Meeting baby boomers' high expectations

Baby boomers may seek a level of health care that isn't always realistic. Learn how to address their needs while carefully transitioning them into their golden years.

With more and more baby boomers now hitting Medicare age, internists will increasingly be dealing with the specific needs of this complicated population. It may not always be easy. Some experts predict that boomers will want more from their doctors, and from their own health, than previous generations, aiming for a quality of life as they age that may not always be realistic. Charlotte Huff looks at how internists can help manage expectations and maximize boomers' health well into their golden years.

Once an untreatable disease, hepatitis C is now coming close to being curable thanks to important new advances in therapy. But while new hepatitis C cases are on the decline in the U.S., the number of long-term cases is increasing. Read our story to learn how internists can become aware of hepatitis C's risk factors and work to identify and treat patients who have the disease but don't yet know it.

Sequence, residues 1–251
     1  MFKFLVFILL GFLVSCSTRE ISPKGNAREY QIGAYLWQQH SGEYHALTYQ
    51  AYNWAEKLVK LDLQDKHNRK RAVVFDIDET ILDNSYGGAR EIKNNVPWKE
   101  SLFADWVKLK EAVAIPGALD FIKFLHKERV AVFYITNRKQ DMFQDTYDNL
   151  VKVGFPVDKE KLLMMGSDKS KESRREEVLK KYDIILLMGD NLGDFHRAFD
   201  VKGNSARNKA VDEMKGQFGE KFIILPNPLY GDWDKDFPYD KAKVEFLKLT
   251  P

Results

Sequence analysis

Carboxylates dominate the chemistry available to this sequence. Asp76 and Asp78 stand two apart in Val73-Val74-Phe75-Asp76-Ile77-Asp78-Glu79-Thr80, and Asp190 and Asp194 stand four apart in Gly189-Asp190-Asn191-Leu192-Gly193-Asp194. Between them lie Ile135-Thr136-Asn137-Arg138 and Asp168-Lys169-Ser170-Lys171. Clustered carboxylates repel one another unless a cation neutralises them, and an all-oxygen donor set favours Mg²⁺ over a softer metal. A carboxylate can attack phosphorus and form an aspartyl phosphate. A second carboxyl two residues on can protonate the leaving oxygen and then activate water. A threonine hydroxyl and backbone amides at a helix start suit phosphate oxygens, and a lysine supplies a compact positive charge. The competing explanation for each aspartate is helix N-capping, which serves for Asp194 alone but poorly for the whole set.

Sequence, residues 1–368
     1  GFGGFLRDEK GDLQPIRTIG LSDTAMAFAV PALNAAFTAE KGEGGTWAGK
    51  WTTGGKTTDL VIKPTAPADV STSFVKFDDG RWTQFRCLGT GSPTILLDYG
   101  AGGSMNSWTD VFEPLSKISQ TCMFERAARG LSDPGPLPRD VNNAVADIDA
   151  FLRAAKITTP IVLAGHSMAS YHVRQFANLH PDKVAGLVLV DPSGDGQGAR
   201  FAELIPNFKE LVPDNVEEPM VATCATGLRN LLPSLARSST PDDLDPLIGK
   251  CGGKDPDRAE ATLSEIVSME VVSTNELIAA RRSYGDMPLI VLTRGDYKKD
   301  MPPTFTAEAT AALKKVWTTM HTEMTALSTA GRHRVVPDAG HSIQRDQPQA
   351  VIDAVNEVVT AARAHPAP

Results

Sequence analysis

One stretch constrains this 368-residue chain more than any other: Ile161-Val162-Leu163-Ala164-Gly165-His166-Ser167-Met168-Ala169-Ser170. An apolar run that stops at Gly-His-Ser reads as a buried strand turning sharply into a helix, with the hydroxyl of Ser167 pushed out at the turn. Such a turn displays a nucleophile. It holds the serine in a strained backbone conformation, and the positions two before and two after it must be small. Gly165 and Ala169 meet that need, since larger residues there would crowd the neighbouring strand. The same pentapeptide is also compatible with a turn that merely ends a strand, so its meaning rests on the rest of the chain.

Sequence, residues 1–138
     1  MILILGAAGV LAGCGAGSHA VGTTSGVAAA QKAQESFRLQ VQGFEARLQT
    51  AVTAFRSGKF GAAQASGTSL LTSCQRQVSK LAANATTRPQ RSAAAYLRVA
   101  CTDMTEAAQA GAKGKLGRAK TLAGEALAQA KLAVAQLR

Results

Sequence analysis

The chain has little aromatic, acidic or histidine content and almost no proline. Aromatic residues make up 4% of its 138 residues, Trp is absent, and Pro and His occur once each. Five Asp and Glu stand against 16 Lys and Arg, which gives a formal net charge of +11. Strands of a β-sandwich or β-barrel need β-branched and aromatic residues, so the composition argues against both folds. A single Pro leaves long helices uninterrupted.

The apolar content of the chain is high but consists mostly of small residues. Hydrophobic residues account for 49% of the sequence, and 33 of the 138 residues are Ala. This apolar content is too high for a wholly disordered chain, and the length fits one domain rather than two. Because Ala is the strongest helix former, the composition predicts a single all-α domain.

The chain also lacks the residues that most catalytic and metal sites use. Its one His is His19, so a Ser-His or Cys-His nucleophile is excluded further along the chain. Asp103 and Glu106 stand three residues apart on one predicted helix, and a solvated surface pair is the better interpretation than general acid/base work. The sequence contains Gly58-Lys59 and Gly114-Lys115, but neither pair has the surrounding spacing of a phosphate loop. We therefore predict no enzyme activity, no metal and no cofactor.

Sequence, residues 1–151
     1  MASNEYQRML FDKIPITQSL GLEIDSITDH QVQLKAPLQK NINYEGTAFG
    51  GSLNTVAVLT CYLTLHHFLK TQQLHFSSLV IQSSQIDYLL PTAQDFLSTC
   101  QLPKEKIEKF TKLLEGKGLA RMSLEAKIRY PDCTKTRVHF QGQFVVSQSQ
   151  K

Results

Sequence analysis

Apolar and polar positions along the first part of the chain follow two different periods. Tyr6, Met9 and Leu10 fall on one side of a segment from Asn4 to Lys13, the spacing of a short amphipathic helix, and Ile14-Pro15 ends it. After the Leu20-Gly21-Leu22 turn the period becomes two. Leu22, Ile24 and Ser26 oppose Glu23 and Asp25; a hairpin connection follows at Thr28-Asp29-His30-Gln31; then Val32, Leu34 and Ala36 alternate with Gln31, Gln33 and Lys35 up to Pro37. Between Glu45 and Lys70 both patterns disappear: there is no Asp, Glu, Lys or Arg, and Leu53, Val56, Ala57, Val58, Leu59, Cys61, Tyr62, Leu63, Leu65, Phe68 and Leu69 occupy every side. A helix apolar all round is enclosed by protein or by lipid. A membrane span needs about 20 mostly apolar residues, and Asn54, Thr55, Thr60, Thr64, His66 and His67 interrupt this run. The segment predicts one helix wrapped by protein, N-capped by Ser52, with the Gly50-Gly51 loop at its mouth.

Myalgia is a frequently reported side effect of statins, but it may be an even bigger problem than most realize. Although the medical literature estimates that 1% to 3% of patients taking statins experience muscle pain, the true figure may be closer to 20%, experts say. Complicating matters, many patients begin taking statins and start an exercise program at the same time, making it harder to determine what's causing their pain. Our story explains how to manage myalgia in statin-treated patients by pinpointing the cause and then adjusting therapy accordingly.

This issue also features a Q&A about how to detect and prevent financial abuse in geriatric patients, especially those with multiple chronic conditions, who are often most vulnerable. A Success Story details a novel model that uses principles of chronic disease management to help improve rates of smoking cessation. And finally, you'll find the latest installment of Gray Matters, by Jerome Groopman, MD, FACP, and Pamela Hartzband, MD, FACP. This month, Drs. Groopman and Hartzband examine why advance directives may not always remain the final word on a patient's preferred care as time passes and an illness progresses.

Do you have comments on this issue, or ideas for future Gray Matters columns? As always, we welcome your thoughts and feedback.


Jennifer Kearney-Strouse